I really had no idea what I was in for last night at Schubas. On a normal night, if you get there 15-20 minutes ahead of show time, being at the very front is not a problem. On this night, however, I arrived a full 20 early and was welcomed by a sea of people all crowded against the stage. Camera in hand, I had only one thought: “Goddamit.” Fortunately the punctual fans were mostly my height or shorter, so I had a decent view. Still a few minutes before the opener hit the stage and the venue was pretty packed.
I knew next to nothing about Handsome Ghost (if you count knowing that they’re a band) before the concert. With so many people there early, I assumed they had some kind of Chicago connection, but that doesn’t seem to be the case-also I looked it up and they appear to be from the Boston area. They’ve toured with Misterwives and Borns in the past year, so some of those that caught them before must have really enjoyed their sets. Not hard to understand why; Handsome Ghost plays a kind of pleasant synthpop that spreads its influences around. You can hear a lot of R&B/pop in the beat, but lead singer Tim Noyes has a real singer/songwriter vibe-like a cooler version of Gavin DeGraw (or whatever the 2016 comp to Gavin DeGraw would be).
I wasn’t blown away by their set, but they have some good songs. I think they’re still figuring some stuff out as far as the live set goes. The drummer was fantastic and the songwriting is strong. They’ve got some good songs and seem to be going at it the right way, so I’m sure they’ll be headlining their own shows soon enough.
The Great Good Fine Ok set took a minute to set up. A lifetime, by Schubas standards. The band brings their own light show and needed time to adjust the drum and guitar levels. It’s interesting to see how much goes into the set before a single note is played-they’ve taken some time and really figured out their aesthetic, both in look and sound. Once the music started in earnest you could tell they were proud of what they were doing.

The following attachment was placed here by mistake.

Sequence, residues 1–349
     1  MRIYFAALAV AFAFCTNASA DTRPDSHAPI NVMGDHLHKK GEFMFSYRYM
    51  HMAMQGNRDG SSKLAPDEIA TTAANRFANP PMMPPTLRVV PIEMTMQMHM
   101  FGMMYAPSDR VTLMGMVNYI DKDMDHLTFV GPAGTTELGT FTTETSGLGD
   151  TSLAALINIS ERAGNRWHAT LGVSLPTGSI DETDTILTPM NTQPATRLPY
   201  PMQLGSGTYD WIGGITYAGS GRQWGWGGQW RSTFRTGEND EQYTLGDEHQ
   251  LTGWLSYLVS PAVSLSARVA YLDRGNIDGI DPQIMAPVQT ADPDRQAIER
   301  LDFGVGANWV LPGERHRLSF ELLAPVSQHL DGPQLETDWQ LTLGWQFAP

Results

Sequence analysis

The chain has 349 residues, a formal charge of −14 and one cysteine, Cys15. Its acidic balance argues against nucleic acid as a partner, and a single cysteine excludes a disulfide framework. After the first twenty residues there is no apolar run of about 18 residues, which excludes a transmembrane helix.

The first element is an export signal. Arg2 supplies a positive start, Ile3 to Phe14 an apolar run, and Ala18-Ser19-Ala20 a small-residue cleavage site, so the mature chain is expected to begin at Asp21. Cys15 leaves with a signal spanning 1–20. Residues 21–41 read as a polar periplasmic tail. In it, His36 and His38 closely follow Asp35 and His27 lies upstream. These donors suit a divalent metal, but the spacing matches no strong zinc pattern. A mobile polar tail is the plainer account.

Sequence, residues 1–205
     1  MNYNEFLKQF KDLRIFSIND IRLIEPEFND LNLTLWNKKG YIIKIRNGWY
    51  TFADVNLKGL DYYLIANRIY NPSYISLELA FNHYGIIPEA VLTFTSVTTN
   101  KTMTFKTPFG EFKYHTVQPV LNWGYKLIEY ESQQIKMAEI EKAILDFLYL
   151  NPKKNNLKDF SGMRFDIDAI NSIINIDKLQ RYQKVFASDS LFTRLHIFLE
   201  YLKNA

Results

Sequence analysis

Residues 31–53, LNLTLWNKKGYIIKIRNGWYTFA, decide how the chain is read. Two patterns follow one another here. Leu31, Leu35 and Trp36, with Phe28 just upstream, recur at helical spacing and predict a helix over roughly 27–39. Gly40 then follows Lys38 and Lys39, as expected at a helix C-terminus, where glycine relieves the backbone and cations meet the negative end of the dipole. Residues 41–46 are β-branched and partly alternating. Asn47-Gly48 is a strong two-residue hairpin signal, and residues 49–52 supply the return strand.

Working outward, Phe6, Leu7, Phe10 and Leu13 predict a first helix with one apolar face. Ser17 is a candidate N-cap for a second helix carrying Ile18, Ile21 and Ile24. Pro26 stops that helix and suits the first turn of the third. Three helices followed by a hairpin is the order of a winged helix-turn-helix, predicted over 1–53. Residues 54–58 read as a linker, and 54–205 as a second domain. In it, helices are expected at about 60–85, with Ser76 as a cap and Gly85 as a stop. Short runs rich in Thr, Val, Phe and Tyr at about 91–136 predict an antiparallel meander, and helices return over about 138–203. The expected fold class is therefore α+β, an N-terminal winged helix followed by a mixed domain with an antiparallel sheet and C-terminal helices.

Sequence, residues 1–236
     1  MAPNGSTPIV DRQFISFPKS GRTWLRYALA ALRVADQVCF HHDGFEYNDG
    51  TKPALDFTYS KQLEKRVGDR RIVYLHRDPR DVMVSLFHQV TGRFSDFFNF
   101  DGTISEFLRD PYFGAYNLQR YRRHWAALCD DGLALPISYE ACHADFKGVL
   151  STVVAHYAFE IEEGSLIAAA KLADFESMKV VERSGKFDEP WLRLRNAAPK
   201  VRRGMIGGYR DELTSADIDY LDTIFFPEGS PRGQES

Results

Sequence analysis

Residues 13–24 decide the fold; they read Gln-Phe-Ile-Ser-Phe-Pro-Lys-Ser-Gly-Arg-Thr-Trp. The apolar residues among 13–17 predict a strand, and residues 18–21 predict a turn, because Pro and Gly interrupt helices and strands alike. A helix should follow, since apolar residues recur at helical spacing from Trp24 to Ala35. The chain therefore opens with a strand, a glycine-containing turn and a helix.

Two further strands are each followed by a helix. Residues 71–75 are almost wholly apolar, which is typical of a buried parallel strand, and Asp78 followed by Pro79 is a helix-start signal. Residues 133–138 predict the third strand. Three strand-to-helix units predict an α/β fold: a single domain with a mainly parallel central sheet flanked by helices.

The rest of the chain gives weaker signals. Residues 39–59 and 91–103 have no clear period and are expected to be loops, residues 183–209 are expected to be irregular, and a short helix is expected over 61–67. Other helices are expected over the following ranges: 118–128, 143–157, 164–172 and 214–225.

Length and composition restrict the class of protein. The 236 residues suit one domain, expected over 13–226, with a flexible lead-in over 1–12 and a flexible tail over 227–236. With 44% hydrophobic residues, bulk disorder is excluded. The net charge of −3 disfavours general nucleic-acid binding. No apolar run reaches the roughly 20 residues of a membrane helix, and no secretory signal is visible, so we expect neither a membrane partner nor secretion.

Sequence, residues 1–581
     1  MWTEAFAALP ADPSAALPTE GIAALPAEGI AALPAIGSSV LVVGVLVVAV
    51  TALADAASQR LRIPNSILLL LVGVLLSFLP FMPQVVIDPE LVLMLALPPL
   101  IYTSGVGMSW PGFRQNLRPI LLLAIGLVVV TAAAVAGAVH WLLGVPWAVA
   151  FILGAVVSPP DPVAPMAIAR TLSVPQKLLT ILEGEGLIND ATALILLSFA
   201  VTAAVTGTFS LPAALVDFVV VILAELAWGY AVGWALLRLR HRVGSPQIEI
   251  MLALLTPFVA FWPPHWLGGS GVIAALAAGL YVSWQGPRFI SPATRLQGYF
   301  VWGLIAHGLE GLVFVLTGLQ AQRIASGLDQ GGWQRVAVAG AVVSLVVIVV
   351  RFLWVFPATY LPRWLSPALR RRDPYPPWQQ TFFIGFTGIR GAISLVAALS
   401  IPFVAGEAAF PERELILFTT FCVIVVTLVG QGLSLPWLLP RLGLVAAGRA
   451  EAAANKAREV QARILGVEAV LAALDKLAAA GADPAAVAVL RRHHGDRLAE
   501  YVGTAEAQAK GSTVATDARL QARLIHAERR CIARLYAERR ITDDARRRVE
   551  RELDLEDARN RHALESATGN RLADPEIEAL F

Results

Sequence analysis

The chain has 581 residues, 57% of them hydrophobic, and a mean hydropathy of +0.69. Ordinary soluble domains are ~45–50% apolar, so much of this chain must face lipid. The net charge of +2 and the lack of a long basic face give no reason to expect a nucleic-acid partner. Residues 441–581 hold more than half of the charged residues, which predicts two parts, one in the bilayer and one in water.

Frontman Jon Sadler has a really strong voice and some sick dance moves, both of which were on full display during the hour-long set. I was a little more familiar with these cats, having listened to their available catalog on Spotify. It’s all good, but the newer stuff is definitely following in the popularity of bands like The 1975 and St Lucia. Whereas Handsome Ghost was a more laid back chill vibe, GGFO want people dancing and grooving.
The crowd was more than up to the request, twistin’ and shoutin’ all the way to the bar in the back while Sadler spun from one side of the stage to the other, effortlessly hitting Carey-level octaves that would make most men shiver with fear. Despite trying to take pictures I found my toes tappin’ and head bobbin’ along just like everyone else, and it’s a good sign when the photographers are feeling the music as much as the paying audience.
The highlight of the show for me was when Luke Moellman broke out the keytar solo. That’s the second keytar solo I’ve seen in the past month, and it always puts a big smile on my face. You can see a short clip of the solo on Instagram here. You could see the joy on Moellman’s face as he was playing, too. Something about the keytar just makes everyone happy, and when it’s played well it can sound amazing.
At the end of the day, I had fun and I think that’s the best thing I can say about any show. What’s the point if it isn’t fun? Even though I’m a bit/much older than anyone else in the crowd, I felt like I could relate to the music as well as anyone else. If you’re into synth pop, I definitely recommend checking these guys out. They’ve only got a couple shows left on this tour-tonight in Toronto and Brooklyn on Saturday-but I know they’ll be back on the road soon.